Public reactions to non-invasive prenatal testing funding in England, France and Germany: The case of Heidi Crowter and Maire Lea-Wilson in England.

By Adeline Perrot and Ruth Horn The introduction of non-invasive prenatal testing (NIPT) into public health systems in recent years has been the subject of controversy in England, France and Germany. In England, for example, the ‘Don’t Screen Us Out’ campaign recently supported the case of Crowter and Lea-Wilson, challenging the UK Secretary of State […]

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Why we must resist proposals for routine screening for alcohol in pregnancy

By Rebecca Bennett and Catherine Bowden Since a link was established between alcohol consumption in pregnancy and Fetal Alcohol Spectrum Disorder (FASD) there have been attempts to reduce women’s alcohol consumption during pregnancy. As a result, many jurisdictions, including the UK have taken what is called ‘abstinence only approach’ as the basis for all policies […]

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Conscientious objection, the referral requirement and morally permissible moral mistakes

By Nathan Emmerich In a recent paper, Nir Ben-Moshe suggested that the problems of moral complicity associated with conscientious objection—such as those generated by requiring those who conscientiously object to the termination of pregnancy or to voluntary assisted dying to refer patients to non-objecting providers—are in need of a ‘a creative solution.’  My paper Conscientious […]

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Three observations about justifying AI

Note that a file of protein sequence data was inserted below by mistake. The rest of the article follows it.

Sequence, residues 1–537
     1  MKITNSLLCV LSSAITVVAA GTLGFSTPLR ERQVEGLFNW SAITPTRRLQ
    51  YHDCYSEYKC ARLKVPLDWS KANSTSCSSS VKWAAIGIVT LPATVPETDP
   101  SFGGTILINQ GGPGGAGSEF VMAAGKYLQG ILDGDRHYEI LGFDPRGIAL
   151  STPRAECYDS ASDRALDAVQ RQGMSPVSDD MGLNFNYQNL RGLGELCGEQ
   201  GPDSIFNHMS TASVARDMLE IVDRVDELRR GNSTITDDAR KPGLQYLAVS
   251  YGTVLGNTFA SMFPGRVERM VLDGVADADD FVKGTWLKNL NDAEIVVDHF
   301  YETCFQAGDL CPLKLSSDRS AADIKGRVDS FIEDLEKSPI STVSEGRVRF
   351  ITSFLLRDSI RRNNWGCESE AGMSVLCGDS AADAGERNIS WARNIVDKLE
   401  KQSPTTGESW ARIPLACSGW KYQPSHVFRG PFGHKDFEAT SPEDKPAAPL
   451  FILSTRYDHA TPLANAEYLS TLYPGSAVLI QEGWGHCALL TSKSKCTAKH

By Anantharaman Muralidharan, G Owen Schaefer, Julian Savulescu. Consider the following kind of medical AI. It consists of 2 parts. The first part consists of a core deep machine learning algorithm. These blackbox algorithms may be more accurate than human judgment or interpretable algorithms, but are notoriously opaque in terms of telling us on what […]

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Securing a future without COVID-19: The need to prioritise concerted global action on global access to vaccines

By Dr Aisling McMahon & Prof Susi Geiger In the last number of weeks, many emergency pandemic related health measures were removed in Ireland and the UK, and there is an expectation in many other high-income countries that remaining measures will end in the very near future. This news has been greeted with understandable relief […]

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Was Djokovic unethically blamed and shamed?

By Dominic Wilkinson, Julian Savulescu and Jonathan Pugh. [Cross post from Practical Ethics blog] The decision about whether to grant tennis star Novak Djokovic a visa allowing him to stay in Australia to compete in the Australian Open Championship has generated significant controversy. Last week, the Australian Immigration minister exercised his power to cancel the player’s […]

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Getting “done” for concealment of pregnancy: Does a woman have a duty to inform healthcare staff of her pregnancy status?

By Gemma McKenzie. In England a pregnant woman – like any adult with mental capacity – enjoys the rights to autonomy and bodily integrity. As a result, she can only be subjected to a medical intervention with her informed consent. The law does not consider a human fetus as a separate legal entity; therefore, a […]

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